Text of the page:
Background & Aims: Inflammation, injury, and infection up-regulate expression of the tryptophan metabolizing enzyme indoleamine 2,3-dioxygenase 1 (IDO1) in the intestinal epithelium. We studied the effects of cell-specific IDO1 expression in the epithelium at baseline and during intestinal inflammation in mice. Methods: We generated transgenic mice that overexpress fluorescence-tagged IDO1 in the intestinal epithelium under control of the villin promoter (IDO1-TG). We generated intestinal epithelial spheroids from mice with full-length Ido1 (controls), disruption of Ido1 (knockout mice), and IDO1-TG and analyzed them for stem cell and differentiation markers by real-time polymerase chain reaction, immunoblotting, and immunofluorescence. Some mice were gavaged with enteropathogenic Escherichia coli (E2348/69) to induce infectious ileitis, and ileum contents were quantified by polymerase chain reaction. Separate sets of mice were given dextran sodium sulfate or 2,4,6-trinitrobenzenesulfonic acid to induce colitis; intestinal tissues were analyzed by histology. We utilized published data sets GSE75214 and GDS2642 of RNA expression data from ilea of healthy individuals undergoing screening colonoscopies (controls) and patients with Crohn's disease. Results: Histologic analysis of small intestine tissues from IDO1-TG mice revealed increases in secretory cells. Enteroids derived from IDO1-TG intestine had increased markers of stem, goblet, Paneth, enteroendocrine, and tuft cells, compared with control enteroids, with a concomitant decrease in markers of absorptive cells. IDO1 interacted non-enzymatically with the aryl hydrocarbon receptor to inhibit activation of NOTCH1. Intestinal mucus layers from IDO1-TG mice were 2-fold thicker than mucus layers from control mice, with increased proportions of Akkermansia muciniphila and Mucispirillum schaedleri. Compared to controls, IDO1-TG mice demonstrated an 85% reduction in ileal bacteria (P = .03) when challenged with enteropathogenic E coli, and were protected from immune infiltration, crypt dropout, and ulcers following administration of dextran sodium sulfate or 2,4,6-trinitrobenzenesulfonic acid. In ilea of Crohn's disease patients, increased expression of IDO1 correlated with increased levels of MUC2, LYZ1, and aryl hydrocarbon receptor, but reduced levels of SLC2A5. Conclusions: In mice, expression of IDO1 in the intestinal epithelial promotes secretory cell differentiation and mucus production; levels of IDO1 are positively correlated with secretory cell markers in ilea of healthy individuals and Crohn's disease patients. We propose that IDO1 contributes to intestinal homeostasis.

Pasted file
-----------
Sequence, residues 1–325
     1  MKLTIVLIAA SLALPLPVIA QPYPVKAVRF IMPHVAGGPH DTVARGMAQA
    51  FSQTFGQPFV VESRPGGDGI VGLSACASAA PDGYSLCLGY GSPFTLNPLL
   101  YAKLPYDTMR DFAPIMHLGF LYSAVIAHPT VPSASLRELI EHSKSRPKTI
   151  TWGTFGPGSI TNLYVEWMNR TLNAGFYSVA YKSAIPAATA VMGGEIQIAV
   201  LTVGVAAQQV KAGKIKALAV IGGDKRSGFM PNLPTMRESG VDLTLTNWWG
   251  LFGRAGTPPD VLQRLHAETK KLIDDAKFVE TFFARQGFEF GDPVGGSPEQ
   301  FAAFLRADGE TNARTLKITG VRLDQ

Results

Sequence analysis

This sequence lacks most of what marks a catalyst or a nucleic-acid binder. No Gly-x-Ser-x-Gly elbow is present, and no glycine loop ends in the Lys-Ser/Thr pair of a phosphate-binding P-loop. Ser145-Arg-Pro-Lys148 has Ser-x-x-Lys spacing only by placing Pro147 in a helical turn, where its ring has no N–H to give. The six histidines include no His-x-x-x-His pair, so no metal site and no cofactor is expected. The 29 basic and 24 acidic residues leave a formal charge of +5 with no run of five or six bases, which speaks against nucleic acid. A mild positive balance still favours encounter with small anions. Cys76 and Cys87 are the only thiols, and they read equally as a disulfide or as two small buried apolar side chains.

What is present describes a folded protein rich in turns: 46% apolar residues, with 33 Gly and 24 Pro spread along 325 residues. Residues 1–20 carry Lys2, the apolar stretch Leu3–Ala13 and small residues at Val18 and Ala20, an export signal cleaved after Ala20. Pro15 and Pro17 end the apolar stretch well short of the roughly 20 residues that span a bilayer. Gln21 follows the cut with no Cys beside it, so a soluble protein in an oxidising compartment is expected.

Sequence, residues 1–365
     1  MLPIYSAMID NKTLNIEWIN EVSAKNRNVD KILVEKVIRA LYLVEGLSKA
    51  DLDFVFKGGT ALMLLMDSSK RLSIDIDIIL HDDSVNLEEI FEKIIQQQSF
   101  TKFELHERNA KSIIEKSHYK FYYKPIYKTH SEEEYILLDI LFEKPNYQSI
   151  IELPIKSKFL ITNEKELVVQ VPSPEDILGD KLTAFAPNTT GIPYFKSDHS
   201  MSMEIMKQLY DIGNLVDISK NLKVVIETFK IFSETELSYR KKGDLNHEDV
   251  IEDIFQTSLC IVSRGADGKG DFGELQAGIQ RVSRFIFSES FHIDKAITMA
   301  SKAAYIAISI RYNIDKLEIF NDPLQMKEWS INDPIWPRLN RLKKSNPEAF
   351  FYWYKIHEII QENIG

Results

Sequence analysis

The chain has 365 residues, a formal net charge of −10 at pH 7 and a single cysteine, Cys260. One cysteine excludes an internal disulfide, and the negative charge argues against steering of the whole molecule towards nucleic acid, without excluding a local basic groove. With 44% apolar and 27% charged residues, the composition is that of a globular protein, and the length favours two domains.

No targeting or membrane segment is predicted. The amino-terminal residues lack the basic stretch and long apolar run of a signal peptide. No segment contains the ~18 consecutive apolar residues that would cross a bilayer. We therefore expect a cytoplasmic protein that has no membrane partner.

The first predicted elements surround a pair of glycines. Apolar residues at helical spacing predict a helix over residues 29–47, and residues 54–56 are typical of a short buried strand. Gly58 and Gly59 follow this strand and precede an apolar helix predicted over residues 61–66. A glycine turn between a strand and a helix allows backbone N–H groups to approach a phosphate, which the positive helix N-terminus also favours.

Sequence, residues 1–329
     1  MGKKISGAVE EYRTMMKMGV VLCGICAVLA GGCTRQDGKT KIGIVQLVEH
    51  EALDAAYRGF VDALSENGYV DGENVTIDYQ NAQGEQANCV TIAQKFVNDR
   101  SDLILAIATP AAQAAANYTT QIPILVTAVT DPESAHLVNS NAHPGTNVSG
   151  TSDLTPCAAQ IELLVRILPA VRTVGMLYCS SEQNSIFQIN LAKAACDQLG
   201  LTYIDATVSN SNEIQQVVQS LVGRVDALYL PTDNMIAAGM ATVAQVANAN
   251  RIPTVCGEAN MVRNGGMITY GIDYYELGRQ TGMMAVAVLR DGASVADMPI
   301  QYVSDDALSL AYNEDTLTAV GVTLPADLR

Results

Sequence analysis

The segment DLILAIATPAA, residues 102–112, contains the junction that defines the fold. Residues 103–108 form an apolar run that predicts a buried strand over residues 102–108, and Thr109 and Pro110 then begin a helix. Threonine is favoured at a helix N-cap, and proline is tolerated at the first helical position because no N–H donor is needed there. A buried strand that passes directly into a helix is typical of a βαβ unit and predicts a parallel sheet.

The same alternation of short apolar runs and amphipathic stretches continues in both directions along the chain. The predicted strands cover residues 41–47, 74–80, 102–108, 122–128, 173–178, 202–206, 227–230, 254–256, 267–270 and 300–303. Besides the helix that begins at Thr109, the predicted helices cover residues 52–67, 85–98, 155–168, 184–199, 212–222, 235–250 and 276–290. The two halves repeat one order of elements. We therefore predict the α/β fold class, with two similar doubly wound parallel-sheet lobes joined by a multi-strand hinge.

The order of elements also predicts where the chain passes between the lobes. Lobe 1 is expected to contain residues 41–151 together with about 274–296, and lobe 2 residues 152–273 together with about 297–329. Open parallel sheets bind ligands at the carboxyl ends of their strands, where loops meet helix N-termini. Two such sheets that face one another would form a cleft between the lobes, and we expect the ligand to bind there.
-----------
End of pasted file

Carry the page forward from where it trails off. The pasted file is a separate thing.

- Ulcerative Colitis